Considerations about Time To Live

Written by Rick van Rein in category: Architecture, Timing, Users

Click for complete diagram

OpenDNSSEC is much more dependent on proper timing than plain DNS, mainly because of the regular rollover of keys. The last thing we would want is a secure resolver which has parts of a secure domain, but not enough to validate it properly. What this means is that a lot of care must go into the design of timing, and especially the TTL parts of DNS records.

If you care for a state diagram, please click on the snippet image on the right.

To get a zone signed, you therefore need to go through a number of stages, and insert the proper delays between steps:

  1. To go from unsigned state to having the zone signed, we basically run the zone through OpenDNSSEC, and wait until a signed zone pops up at the other end. We are cautious however; “at the other end” means that all authoritative name servers for a zone have updated to the signed zone.
  2. We now proceed to publish the DS in the parent zone immediately. There is no danger of caches missing out on the signed state, as the cache should not have been asked for DNSKEY or RRSIG records before the DS record is public. And since the DS is not published before all our authoritatives have updated to the signed zone records, we are certain that the answers to DNSKEY or RRSIG will be available to caches.
  3. We now wait until the parent has published the DS in all its authoritative name servers. At this time we call the zone verifiable, because it is now possible for clients to validate the zone. But we do not report this state back to the zone owner, but our responsibility to ensure continuous proper state of the zone does start at this point. Since we signed through OpenDNSSEC, the management of this state is easily delegated to its component KASP Enforcer.
  4. We are still not completely satisfied when a zone is verifiable; caches may hold the parent’s NS records without matching DS. So after the DS is published, we wait the maximum caching time for the records in the signed zone. Only after that timer expired, will we announce to the zone owner that the zone is now verified.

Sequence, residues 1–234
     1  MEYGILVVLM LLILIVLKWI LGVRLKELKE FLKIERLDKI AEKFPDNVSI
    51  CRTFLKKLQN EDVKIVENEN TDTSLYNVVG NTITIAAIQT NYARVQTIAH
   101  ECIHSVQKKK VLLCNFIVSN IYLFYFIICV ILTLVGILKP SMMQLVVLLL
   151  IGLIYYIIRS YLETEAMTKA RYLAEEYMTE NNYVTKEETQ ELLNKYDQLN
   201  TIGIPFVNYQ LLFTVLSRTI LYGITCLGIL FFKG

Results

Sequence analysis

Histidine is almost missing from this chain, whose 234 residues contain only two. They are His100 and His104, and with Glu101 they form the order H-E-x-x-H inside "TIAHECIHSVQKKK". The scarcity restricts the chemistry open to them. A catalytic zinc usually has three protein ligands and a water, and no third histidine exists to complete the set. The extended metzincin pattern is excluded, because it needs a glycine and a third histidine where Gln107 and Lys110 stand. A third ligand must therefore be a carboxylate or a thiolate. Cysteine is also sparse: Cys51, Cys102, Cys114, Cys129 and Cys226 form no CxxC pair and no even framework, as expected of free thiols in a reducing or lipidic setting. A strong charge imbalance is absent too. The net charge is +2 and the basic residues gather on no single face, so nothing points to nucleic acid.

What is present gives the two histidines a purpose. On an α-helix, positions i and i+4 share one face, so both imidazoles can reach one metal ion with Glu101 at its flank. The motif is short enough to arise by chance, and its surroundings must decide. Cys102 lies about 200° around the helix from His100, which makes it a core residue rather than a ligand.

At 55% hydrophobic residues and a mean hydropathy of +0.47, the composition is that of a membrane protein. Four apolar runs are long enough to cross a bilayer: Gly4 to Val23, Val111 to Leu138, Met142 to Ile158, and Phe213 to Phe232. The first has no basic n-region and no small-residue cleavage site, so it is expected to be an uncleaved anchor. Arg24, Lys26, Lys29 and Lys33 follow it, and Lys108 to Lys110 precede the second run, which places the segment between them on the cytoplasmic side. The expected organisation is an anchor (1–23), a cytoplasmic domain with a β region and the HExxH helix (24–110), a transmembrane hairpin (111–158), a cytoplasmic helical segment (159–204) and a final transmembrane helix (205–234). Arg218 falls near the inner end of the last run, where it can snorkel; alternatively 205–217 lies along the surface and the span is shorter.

While in this verified state, we can rest assured that the zone is either properly signed, or drops off the Internet. As said above, we now rely on OpenDNSSEC to manage the zone for us, by keeping signatures fresh and the zone signed and available. If the signer stops for whatever reason, we now need to repair it soon, before zone signatures start to expire. This is why we have setup a redundant architecture.

In the verified state, we can edit the zone as always. Added zones will be included, OpenDNSSEC will pick them up and sign them in a newly published zone version. If we’d care to move to another registrar, we would have to add a DNSKEY for the new registrar’s public key; if we’d move a zone to our service, we might have to do the opposite, and/or publish the old registrar’s DNSKEY for some time. And if we decide to rollover the Key Signing Key, we’d have to communicate with the parent zone to replace the DS stored for our zone.

Reverting the zone back to unsigned state is a similar exercise, but in the opposite order. This too must be done with care, because dropping signatures too soon would make the domain disappear from the Internet from the perspective of caches that still expect a signed zone. So here are the steps we follow:

  1. The first thing we do is retract the DS from the parent. This can be done without further ado, because this breaks the chain on the top side, in a way that creates a signature that our zone opts out from DNSSEC. Once all authoritatives of the parent have dropped the DS record, we assume to have a retracted zone.
  2. We are not ready at this point to tell OpenDNSSEC to stop signing the zone; caches may still hold the old DS and may still rely on signed zones, so OpenDNSSEC is still responsible for keeping the zone signed. We now wait until all zones have expired any remaining DS records before we consider to have arrived at an insecure zone.
  3. Since no cache is now relying on signed zone records, we can remove the signatures that OpenDNSSEC created. In short, we revert to publishing the unsigned zone, leading it into the unsigned state from which it can be signed once again if its owner is so inclined.

It should be clear that publishing signed zones takes some effort, and is not to be taken lightly. On the light side though, it is perfectly possible to automate the procedure and just sit back and wait while computers roll through the scenario.